History and Activism at the Idaho Statehouse on MLK Day 

click to enlarge Hundreds of people celebrated Martin Luther King, Jr., Day at the Idaho State Capitol.

Harrison Berry

Hundreds of people celebrated Martin Luther King, Jr., Day at the Idaho State Capitol.

There wan't anything wrong with Martin Luther King, Jr.'s famous "I Have a Dream" speech, per se, but Boise State University Director of Diversity and Inclusion Francisco Salinas remixed it anyway for his remarks Monday at the Idaho Human Rights Day Celebration. In his speech, "I'm Still Dreaming," Salinas used the structure of King's original speech to add that America is still in arrears for the promise of equality it made to all citizens in its founding documents.

"America still continues to default on this promise," he said.

Salinas' Jan. 15 speech renewed the call for protection of the marginalized the righteous pursuit of social justice, invoking that adage from the 2016 presidential election, "When they go low, we go high."

Striking a balance between vigorous activism and peaceful resistance has long been a theme for MLK Day addresses, but Salinas observed while the need remains the same, the language of struggle has changed since the Civil Rights era. Minutes before his speech, Tanisha Ayers, a Boise State University student speaking before a crowd of hundreds at the Capitol steps, said the pursuit of justice "must disrupt the status quo," and change is unlikely to take place "just because we ask for it." She challenged the popular image of King's nonviolence, arguing his refusal to come to blows was no barrier to him taking action.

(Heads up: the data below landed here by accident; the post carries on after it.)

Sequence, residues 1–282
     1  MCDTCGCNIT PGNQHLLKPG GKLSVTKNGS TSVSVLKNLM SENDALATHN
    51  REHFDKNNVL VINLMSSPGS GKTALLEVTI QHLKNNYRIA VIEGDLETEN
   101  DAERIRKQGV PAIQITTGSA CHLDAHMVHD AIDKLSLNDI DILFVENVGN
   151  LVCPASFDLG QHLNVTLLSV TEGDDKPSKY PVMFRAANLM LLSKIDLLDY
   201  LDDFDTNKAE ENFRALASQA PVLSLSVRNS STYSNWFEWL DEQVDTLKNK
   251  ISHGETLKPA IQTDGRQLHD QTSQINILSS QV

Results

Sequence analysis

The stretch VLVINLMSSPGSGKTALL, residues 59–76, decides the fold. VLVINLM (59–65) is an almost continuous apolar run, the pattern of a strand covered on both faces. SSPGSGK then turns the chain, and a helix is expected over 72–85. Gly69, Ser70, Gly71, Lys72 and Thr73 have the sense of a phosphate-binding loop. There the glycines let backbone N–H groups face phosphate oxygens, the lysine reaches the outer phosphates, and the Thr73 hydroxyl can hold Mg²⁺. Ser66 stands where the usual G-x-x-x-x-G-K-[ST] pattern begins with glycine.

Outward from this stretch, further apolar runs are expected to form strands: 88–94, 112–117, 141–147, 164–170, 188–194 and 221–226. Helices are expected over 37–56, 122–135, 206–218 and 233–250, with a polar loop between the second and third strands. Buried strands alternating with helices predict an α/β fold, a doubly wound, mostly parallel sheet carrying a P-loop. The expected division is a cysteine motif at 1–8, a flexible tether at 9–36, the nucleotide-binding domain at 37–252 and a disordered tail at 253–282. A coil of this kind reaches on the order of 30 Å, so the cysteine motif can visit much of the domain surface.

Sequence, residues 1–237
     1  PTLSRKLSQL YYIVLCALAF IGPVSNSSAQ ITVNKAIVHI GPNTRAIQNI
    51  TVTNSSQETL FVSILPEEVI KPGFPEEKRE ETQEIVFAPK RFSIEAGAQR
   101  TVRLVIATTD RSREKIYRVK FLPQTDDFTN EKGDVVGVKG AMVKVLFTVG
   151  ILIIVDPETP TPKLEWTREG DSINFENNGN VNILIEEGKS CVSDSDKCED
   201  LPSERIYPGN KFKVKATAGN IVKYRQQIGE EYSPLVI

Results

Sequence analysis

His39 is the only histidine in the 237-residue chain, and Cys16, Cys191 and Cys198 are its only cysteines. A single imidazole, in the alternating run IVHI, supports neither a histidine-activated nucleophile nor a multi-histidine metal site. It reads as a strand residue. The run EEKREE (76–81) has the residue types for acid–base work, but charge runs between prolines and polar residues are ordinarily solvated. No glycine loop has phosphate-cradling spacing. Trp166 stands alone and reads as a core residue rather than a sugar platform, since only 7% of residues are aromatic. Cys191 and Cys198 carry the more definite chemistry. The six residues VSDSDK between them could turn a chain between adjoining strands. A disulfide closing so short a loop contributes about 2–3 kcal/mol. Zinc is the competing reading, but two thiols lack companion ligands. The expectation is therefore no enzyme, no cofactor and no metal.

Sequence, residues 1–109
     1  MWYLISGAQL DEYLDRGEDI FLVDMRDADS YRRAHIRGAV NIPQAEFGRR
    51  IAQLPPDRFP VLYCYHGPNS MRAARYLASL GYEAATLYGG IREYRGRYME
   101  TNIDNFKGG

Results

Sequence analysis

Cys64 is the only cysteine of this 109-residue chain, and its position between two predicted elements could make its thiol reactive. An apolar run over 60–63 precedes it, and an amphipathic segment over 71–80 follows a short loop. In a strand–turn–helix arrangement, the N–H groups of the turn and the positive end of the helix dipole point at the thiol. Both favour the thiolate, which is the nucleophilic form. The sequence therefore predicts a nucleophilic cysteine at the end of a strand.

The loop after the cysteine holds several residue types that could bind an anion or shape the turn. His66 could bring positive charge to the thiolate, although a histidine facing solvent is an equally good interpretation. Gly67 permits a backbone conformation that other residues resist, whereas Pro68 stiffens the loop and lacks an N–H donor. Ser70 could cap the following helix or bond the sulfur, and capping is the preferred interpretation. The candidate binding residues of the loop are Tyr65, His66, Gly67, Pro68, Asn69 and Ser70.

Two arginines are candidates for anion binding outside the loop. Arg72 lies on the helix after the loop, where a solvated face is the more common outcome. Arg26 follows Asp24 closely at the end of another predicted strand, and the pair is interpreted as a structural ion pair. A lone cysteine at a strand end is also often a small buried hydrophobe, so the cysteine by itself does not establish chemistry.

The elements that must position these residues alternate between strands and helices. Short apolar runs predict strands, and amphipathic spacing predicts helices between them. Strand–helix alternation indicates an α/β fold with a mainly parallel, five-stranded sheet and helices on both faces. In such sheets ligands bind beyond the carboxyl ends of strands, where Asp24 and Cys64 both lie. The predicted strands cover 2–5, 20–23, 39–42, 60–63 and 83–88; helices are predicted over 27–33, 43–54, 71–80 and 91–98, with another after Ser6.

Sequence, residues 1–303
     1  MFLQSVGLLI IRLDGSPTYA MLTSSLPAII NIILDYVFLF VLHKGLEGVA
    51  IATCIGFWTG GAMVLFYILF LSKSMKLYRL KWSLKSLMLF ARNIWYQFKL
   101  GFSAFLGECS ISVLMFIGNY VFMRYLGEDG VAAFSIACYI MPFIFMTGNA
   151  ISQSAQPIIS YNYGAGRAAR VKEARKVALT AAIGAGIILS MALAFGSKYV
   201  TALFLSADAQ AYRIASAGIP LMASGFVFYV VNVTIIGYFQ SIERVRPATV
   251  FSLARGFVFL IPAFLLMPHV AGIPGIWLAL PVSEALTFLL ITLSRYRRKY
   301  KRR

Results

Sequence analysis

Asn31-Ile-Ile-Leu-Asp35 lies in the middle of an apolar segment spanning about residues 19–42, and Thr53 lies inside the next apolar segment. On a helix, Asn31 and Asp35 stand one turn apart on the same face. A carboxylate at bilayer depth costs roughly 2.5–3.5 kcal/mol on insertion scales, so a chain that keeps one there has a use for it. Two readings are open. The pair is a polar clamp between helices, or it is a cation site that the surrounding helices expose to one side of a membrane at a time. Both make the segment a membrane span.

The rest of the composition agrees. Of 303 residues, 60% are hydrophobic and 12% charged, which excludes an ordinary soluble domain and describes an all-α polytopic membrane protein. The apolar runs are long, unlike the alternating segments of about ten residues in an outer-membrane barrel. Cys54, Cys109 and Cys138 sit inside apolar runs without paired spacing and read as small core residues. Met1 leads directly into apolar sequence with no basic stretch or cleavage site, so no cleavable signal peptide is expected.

"This man was not the kumbaya pacifist he has been made out to be," she said.

For others, however, MLK Day is as much about breaking cycles of oppression as it is an encounter with history. Lisa Sanchez, who became the first Hispanic woman ever to serve on the Boise City Council Jan. 9, said one of her first actions as an engaged citizen was with a Boise State MLK Day organizing committee, where she was asked by one of its most influential founders, Eric Love, to be the committee liaison to the Boise State chapter of Movimiento Estudiantil Chicanx de Aztlan (MEChA). That was in 1989.

Sanchez's activism extends to the present day. At her swearing-in ceremony, she brought members of the Shoshone-Paiute Tribe from Duck Valley as a reminder of the first residents of the Boise area. She said she hopes to bring "the lens of compassion to everything that we do," and increase the amount and effectiveness of citizens' political engagement through education. Standing under the rotunda in the Capitol building just before the official MLK Day ceremony, she said disruption and connection—turning people's passion into action and change—had helped put her on the Boise City Council.

"It's something that's been missing, and part of the reason I think I won, to be honest," she said.
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